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Gatto to track down Opes investors' cash

Gatto to track down Opes investors' cash

The World Today - Tuesday, 8 April , 2008 12:10:00

Reporter: Jane Cowan

ASHLEY HALL: It's not every day that a figure with links to the underworld offers to help investors
who have lost money in a stockbroking collapse.

But the man responsible for one of Melbourne's most high profile gangland killings has flown out of
Melbourne today, vowing to find millions of dollars lost in the failure of the Melbourne
stockbroking firm, Opes Prime.

Mick Gatto says he's working for a group of anonymous investors and his methods have more chance of
working than more conventional channels. But Mr Gatto assures investors his negotiating tactics
will be non-violent.

Jane Cowan reports.

JANE COWAN: A few years ago, Mick Gatto shot a man dead in a Melbourne restaurant. He was acquitted
of murder on the grounds of self defence.

These days he calls himself a "consultant for the construction industry". But he's still talking

MICK GATTO: It's either our way or the highway, you know. If they want to recover their money, they
got to jump on board with us very quick.

JANE COWAN: Mick Gatto runs a company called Arbitrations and Mediations and says he's been
approached by a few "friends and sophisticated investors" who have lost money in the millions in
the Opes Prime collapse.

He says his company has more chance of recovering the money than any number of lawyers and

MICK GATTO: All I can say is they're good, strong leads and the more that jump on board, the
stronger it'll be, because we're only going to get one crack at this. History shows that if you
leave it with the lawyers and the receivers they stretch it out for years and then investors get

So our motive is to sort of try and fast-track all that, and get as much as we can back to the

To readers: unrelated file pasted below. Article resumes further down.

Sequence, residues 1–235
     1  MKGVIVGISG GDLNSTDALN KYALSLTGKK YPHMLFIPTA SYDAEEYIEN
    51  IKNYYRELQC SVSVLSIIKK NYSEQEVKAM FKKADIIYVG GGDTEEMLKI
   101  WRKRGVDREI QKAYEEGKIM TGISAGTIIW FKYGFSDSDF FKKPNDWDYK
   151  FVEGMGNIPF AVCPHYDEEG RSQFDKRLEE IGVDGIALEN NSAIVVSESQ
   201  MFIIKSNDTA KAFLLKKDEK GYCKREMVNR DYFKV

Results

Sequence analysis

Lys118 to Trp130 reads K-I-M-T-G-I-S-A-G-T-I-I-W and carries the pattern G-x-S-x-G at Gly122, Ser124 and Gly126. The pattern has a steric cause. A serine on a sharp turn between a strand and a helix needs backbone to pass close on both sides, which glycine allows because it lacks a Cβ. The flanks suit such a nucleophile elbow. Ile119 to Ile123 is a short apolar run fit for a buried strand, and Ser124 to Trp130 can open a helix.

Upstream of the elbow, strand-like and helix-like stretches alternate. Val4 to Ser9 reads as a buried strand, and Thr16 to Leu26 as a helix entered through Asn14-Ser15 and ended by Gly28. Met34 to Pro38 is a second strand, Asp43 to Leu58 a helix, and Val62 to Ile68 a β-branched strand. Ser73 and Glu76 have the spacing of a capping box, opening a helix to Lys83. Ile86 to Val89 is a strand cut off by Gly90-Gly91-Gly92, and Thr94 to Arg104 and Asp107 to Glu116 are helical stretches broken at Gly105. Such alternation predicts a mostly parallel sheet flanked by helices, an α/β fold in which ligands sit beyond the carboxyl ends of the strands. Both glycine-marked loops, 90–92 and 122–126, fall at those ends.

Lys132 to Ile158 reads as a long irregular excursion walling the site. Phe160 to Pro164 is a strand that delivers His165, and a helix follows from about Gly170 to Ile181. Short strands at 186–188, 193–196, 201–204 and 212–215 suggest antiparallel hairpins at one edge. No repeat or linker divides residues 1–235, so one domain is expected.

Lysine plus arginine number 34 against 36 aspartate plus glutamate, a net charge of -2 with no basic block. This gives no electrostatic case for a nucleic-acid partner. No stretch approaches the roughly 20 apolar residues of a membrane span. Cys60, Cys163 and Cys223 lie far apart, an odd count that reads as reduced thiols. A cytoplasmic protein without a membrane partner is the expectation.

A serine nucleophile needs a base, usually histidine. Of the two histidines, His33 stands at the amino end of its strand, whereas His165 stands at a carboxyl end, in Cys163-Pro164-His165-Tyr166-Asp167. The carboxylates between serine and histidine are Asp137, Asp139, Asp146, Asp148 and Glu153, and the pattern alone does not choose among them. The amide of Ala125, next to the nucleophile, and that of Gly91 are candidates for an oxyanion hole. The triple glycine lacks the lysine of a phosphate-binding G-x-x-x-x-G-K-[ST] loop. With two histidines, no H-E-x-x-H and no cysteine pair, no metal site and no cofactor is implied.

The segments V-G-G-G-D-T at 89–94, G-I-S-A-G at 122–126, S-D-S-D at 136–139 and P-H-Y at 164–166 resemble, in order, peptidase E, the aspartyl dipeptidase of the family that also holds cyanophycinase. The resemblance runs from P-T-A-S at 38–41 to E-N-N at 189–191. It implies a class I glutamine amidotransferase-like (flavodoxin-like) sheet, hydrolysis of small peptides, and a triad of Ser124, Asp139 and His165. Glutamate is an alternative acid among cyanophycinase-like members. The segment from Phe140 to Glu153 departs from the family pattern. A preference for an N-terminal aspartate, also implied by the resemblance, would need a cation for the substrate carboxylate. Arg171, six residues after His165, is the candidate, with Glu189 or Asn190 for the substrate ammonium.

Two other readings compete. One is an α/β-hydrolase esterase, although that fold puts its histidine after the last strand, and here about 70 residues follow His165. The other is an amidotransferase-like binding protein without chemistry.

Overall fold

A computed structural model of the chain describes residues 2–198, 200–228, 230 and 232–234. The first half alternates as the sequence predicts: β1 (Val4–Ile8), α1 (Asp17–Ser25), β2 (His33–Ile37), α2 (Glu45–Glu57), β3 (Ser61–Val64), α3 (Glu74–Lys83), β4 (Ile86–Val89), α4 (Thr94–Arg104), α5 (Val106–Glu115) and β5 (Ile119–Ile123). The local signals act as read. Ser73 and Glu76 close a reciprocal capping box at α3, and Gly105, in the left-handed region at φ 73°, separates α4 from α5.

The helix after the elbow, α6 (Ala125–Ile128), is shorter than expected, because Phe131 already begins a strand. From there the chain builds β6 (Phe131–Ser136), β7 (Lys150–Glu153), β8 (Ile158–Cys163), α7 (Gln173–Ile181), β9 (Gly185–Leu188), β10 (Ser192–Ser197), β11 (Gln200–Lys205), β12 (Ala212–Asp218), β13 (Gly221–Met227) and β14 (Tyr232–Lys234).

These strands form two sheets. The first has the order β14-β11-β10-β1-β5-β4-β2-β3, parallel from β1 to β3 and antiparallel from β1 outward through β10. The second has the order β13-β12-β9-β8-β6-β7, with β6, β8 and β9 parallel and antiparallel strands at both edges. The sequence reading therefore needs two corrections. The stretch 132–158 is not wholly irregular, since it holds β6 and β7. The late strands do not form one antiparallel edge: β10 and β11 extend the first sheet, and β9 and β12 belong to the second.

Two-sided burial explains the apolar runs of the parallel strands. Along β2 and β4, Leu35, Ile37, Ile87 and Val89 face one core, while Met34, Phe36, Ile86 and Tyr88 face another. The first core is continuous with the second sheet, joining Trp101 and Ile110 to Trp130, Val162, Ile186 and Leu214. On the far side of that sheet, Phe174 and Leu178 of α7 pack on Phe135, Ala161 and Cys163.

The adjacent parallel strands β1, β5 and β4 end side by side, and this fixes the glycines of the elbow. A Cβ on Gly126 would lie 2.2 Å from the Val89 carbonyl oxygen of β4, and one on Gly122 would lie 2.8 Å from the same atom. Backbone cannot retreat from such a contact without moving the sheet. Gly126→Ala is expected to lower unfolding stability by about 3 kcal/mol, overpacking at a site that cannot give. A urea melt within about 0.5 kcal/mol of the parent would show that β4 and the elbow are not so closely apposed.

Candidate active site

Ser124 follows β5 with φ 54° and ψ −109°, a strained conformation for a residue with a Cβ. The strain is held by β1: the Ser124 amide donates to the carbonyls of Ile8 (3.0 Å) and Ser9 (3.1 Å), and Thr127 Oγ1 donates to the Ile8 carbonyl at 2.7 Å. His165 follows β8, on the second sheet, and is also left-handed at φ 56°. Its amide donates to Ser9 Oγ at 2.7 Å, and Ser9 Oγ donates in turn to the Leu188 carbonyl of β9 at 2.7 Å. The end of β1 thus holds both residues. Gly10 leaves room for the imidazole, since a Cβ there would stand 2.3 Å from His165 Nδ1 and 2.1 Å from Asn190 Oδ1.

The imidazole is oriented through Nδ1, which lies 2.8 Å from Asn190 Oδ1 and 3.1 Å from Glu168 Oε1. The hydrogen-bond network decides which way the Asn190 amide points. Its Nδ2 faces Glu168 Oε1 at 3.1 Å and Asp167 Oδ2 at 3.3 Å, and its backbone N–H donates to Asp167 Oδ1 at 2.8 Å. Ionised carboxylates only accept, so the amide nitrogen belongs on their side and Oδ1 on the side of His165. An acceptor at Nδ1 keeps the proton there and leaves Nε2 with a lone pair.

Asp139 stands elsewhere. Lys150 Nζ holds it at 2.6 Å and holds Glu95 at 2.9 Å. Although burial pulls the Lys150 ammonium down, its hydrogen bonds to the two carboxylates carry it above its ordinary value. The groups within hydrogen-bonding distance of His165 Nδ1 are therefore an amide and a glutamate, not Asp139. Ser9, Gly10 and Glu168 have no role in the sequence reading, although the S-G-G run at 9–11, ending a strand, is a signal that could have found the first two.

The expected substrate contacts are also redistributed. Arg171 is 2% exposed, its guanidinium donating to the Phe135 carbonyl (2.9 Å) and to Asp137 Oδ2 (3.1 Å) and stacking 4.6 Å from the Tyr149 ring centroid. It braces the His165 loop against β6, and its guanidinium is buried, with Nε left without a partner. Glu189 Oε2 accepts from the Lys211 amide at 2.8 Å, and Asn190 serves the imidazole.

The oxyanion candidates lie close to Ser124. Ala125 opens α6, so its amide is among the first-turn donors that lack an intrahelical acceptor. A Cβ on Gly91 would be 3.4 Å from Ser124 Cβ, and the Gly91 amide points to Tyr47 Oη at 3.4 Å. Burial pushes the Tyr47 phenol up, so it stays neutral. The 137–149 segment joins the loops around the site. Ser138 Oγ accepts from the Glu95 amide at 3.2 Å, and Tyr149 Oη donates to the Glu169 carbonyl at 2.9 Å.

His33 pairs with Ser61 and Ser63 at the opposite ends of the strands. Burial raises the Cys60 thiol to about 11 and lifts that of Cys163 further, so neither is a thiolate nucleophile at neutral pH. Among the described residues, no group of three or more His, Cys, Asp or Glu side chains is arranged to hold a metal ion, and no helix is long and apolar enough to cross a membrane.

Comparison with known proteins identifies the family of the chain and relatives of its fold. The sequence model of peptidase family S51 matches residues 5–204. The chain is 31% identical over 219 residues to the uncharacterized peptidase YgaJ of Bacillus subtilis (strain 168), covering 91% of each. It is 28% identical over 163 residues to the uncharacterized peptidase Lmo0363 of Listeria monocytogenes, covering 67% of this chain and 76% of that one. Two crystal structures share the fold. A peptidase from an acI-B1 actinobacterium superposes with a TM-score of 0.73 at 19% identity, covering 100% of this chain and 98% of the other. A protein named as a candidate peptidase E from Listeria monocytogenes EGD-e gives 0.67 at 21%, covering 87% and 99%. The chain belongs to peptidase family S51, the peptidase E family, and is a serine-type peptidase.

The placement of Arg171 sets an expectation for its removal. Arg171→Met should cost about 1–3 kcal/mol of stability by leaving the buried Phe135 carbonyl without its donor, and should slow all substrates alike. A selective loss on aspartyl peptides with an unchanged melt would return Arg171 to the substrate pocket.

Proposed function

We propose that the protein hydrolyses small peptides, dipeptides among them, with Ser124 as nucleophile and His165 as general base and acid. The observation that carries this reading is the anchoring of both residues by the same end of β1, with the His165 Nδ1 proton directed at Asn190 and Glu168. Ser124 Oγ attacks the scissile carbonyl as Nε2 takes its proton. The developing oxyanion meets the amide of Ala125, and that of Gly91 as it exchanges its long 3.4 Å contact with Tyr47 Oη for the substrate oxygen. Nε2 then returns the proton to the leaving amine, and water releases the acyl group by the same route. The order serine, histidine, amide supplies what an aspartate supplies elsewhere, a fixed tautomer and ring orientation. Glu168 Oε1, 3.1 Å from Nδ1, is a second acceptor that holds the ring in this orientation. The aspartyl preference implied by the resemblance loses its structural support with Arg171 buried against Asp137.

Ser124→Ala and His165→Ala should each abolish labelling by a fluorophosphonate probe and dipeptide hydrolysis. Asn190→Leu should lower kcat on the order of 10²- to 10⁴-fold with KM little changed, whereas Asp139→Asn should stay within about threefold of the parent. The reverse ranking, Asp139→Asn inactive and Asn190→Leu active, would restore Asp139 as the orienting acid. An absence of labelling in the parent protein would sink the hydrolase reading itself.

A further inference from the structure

investors, and it'll be a win-win for everyone.

JANE COWAN: But others are sceptical.

KEN FOWLIE: (laughs) We'll see. Look, I mean, you know it's for people to make their own calls as
to how they want to pursue things and it's a matter for them. But it's not the way we're pursuing

JANE COWAN: Ken Fowlie is one of the directors at Slater and Gordon, the legal firm that's started
a class action on behalf of investors.

KEN FOWLIE: I think Mr Gatto might have talked about his track record, but we've got a pretty proud
track record ourselves.

The situation with Opes Prime is obviously a terrible situation. A lot of people have lost money
and unfortunately my experience with these things, there are no quick fixes to it.

JANE COWAN: As Opes Prime investors out of pocket more than $500-million gathered for briefings in
Melbourne this morning, Mick Gatto was boarding a plane to Singapore. He vows to have money back in
investors' hands within six months.

MICK GATTO: I'm not sure what we'll be doing at this stage, but we'll be visiting lots of offices.
But Opes Prime mightn't be one of them at this stage. We're looking for the money, not the company.

JANE COWAN: How do you intend exactly to track the money down?

MICK GATTO: Well, we've got leads that we're following at the moment, but I mean it's all
confidential and I can't really say because everyone else will jump on board. But we're one step
ahead of the posse.

JANE COWAN: What sort of methods will you use? Will they be conventional recovery methods?

MICK GATTO: Well, you know, we can't divulge our methods you know. Otherwise, you know, everyone
else will be doing it. But we get the results, put it that way.

JANE COWAN: Mick Gatto admits he won't be using the tactics favoured by receivers and banks, but he
says there will be no violence.

MICK GATTO: We never use violence. It's always amicably and there's no evidence that I've ever used